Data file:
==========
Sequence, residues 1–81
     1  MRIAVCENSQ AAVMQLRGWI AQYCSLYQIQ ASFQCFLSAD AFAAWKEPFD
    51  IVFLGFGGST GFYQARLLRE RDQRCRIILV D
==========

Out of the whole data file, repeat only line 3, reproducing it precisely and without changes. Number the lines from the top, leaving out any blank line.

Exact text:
    51  IVFLGFGGST GFYQARLLRE RDQRCRIILV D